SEP–DEC 2009

2/07 3/03

Zambia

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THIS IS THE ARTICLE THAT STARTED IT ALL…

Orphans Struggle to Survive in Country Battered by AIDS

Arizona Daily Star, July 4, 1999

Lusaka, Zambia (AP) – The younger ones sit cross-legged, quietly waiting, like schoolchildren expecting the story hour. The teen-agers, two feet away, are stone drunk from guzzling buckets of 100-proof, homemade beer called kachasu, and sniffing jekem – fermented human feces scraped from sewer pipes. More…

SINCE 1999, VARIOUS PUBLICATIONS HAVE TOLD OUR STORY…

No Small Resolution. Tucsonan Vows to Care for AIDS Orphans in Zambia

by M. Scot Skinner, Arizona Daily Star, November 27, 1999

About four months ago, on the Fourth of July, Kathe Padilla was inspired to make a startling New Year’s resolution. After reading an Associated Press story about orphans in Africa, the native Tucsonan pledged to herself—and whoever else would listen – that by the end of the year 2000 she would have an orphanage up and running in Lusaka, Zambia, for children whose parents have died of AIDS. More…


Tucsonan to the Rescue in Zambia

by Bonnie Henry, Arizona Daily Star, February 6, 2001

Never underestimate the power of one. She was only one woman, but when Tucsonan Kathe Padilla saw a news photo of starving orphans in Zambia, she swung into action. Two months later, she had formed the local nonprofit Zambian Children’s Fund. More…


Helper of Children of AIDS

by Bonnie Henry, Arizona Daily Star, November 29, 2001

He came to her with open sores—and a fear of her white skin. “Now look at him,” says Tucsonan Kathe Padilla, as she proudly flips through photographs of Daniel, a smiling 2-year-old found abandoned in the Zambian bush. More…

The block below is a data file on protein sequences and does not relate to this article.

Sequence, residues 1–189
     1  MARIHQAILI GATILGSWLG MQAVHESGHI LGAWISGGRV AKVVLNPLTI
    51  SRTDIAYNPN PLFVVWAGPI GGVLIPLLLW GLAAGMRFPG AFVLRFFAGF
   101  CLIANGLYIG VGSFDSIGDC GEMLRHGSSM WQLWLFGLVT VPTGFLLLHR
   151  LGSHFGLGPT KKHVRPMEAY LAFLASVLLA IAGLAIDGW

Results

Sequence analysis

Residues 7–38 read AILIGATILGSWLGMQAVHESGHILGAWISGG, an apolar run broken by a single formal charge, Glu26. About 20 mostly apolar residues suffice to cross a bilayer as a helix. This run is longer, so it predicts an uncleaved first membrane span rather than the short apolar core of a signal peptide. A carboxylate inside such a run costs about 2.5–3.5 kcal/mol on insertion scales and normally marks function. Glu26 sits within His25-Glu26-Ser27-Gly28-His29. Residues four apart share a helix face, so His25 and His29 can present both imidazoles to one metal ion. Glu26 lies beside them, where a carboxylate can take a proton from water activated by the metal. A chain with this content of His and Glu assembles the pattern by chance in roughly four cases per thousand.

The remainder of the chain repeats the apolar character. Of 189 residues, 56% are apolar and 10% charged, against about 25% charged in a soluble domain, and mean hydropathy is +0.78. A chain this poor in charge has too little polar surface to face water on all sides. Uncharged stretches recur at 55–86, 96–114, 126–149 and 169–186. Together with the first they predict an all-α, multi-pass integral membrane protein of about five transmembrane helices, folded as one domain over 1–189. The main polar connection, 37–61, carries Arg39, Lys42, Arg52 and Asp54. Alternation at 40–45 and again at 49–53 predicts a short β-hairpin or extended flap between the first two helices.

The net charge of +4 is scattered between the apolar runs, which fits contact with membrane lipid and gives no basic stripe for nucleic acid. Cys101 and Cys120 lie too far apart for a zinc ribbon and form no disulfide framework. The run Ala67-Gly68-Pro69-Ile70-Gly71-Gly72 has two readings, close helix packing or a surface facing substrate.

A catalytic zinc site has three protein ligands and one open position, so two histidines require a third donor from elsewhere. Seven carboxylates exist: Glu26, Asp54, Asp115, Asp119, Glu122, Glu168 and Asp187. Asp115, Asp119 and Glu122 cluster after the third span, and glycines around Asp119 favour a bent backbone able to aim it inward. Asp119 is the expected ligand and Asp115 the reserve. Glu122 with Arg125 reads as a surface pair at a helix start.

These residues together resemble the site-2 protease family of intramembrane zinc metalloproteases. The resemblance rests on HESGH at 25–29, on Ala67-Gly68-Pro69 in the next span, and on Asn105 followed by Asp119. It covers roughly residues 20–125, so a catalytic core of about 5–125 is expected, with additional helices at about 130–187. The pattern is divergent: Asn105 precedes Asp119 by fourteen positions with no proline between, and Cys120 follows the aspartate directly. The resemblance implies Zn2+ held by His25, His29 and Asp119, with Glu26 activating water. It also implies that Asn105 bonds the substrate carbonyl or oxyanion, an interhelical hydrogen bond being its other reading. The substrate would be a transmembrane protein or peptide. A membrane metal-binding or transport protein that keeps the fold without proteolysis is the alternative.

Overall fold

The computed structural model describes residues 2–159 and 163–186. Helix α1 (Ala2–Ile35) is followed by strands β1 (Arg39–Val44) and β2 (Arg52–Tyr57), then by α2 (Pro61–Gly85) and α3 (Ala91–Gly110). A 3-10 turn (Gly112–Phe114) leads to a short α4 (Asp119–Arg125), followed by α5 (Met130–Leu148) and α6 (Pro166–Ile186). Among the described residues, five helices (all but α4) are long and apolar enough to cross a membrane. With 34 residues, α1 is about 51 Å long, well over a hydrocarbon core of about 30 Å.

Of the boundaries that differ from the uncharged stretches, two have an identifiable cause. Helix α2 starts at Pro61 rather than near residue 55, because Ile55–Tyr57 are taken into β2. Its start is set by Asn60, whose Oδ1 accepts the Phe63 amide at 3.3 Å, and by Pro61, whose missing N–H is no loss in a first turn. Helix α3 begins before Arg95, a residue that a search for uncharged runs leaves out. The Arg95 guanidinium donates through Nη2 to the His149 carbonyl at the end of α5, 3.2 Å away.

Tucson Mother’s Vision Results in Home for AIDS Orphans in Zambia

by Philip Franchine, Green Valley News & Sun, January 16, 2002

Tucson – When Kathe Padilla read a heart-rending news story about AIDS orphans starving in Zambia, the Tucson mother felt she had to reach out and try to feed the children. In less than three years her efforts resulted in the creation of an orphanage in Lusaka, and she now finds her 16 new children are enriching her life with laughter and song. More…


Women Who Run With the Ideas

O, The Oprah Magazine, September 2003

Where did you get the idea for this charity? I’ve been an activist all my life. I worked on the Sanctuary movement, which smuggled Central American refugees into this country and Canada. More…


That Which Lives On

by Marty Luster, Positive News, Winter 2007

Chishawasha means “that which lives on” in the Zambian Bemba language and the Chishawasha Children’s Home of Zambia (CCHZ) is the result of the efforts of the Zambian Children’s Fund (ZCF) to insure that the children of Zambia grow to be healthy and caring citizens of that peaceful and friendly nation. More…


A World of Good

by Donna Clayton Lawder, Desert Exposure, March 2008

Volunteering at an orphanage in AIDS-ravaged Zambia, Pinos Altos retirees Mary Hotvedt and Bob Garrett change lives, one child at a time. Barely settled in from a trip to the West Coast, Pinos Altos residents Mary Hotvedt and her husband, Bob Garrett, are getting ready to shove off for Zambia. Again. This will be his third visit to the South African country and her fourth, since they first laid eyes on it in late 2006. More…


Tucson Mother Reaches Out to Zambian Children

by Jan Henrickson, The Desert Leaf, September 2008

“There were these enormous ‘bouquets’ down there on the ground. Everything was in bloom,” said Kathe Padilla, recalling her first flight into Zambia. “It’s just astounding, the colors, the brilliance and the beauty of this country. The green just screams at you.” More…